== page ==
Having the chicken pox does also not prevent you from having CP ever again, and does not prevent you from getting shingles. But having caught it naturally does give you somewhat better immunity, as it's something that's been studied far longer than the results of the vaccine on long-lived immunity. The vaccine hasn't been around as long as the chicken pox.
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  #3  
June 18th, 2007, 07:00 AM
Tofu Bacon
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^^ Ditto. When you've had the chicken pox naturally, for the rest of your life you get a natural "booster" everytime you come in contact with the virus again. Some people do have chronic shingle as adults, but now mass-vaccination for CP has helped cause the epidemiology of shingles to shift from the adult and elderly population to the pediatric population.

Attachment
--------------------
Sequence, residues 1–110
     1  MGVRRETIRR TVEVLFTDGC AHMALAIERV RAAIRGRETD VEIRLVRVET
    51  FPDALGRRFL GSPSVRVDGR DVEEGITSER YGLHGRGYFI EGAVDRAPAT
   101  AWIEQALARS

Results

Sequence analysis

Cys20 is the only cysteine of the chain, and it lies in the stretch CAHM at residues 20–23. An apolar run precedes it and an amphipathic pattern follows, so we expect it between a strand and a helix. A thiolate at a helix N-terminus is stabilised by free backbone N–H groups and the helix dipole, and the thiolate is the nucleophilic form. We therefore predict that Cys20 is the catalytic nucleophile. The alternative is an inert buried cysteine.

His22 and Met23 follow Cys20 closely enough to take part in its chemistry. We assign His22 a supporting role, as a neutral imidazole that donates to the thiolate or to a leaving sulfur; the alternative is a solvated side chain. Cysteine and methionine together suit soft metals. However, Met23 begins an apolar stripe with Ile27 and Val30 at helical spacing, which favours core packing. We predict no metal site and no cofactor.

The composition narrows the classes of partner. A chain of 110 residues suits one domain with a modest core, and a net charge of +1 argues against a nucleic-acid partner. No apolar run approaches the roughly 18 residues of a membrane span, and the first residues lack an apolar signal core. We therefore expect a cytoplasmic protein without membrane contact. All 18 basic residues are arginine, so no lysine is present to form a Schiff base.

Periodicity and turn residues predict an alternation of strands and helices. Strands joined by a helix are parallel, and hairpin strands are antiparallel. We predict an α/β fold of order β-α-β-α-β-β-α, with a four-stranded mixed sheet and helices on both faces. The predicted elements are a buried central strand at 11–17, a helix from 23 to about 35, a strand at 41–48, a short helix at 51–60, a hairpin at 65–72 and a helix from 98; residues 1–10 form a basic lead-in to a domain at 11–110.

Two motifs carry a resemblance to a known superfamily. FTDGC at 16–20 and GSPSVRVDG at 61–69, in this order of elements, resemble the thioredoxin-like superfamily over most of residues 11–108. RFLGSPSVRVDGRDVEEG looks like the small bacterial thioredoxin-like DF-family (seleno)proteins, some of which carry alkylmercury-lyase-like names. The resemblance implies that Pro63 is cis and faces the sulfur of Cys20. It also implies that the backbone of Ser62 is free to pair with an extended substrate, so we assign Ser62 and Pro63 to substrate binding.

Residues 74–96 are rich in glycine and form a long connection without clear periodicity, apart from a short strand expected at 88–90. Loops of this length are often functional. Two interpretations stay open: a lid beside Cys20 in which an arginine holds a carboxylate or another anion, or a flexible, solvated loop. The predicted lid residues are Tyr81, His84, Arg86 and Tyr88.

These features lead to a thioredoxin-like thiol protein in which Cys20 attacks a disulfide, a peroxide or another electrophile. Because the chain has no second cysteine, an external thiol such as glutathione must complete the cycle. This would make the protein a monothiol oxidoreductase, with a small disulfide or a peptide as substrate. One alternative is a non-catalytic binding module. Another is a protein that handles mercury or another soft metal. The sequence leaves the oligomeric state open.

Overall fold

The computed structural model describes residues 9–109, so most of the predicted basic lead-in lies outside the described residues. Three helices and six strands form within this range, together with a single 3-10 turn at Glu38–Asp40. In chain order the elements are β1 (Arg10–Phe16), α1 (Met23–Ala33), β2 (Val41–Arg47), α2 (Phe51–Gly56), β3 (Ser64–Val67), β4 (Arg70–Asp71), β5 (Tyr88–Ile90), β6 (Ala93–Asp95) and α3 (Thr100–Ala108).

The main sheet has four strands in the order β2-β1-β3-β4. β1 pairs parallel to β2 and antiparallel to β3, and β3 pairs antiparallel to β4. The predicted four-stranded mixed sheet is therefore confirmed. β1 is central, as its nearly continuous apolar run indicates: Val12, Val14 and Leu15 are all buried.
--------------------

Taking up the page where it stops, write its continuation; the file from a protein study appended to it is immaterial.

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  #4  
August 1st, 2007, 04:41 AM
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Join Date: Jun 2004
Location: New Brunswick Canada
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Quote:
Do I understand correctly that the chicken pox and shingles are in a sense the same virus? Does that mean that if you get the chicken pox you are immune to shingles? Also does that mean that if you get the vaccination you would be immune to the chicken pox and shingles? I think that if the vaccine does prevent shingles in the future I would like to get my Olivia vaccinated for it, but if it just protects against chicken pox I don't think I will. I had chicken pox and am still here to talk about it.[/b]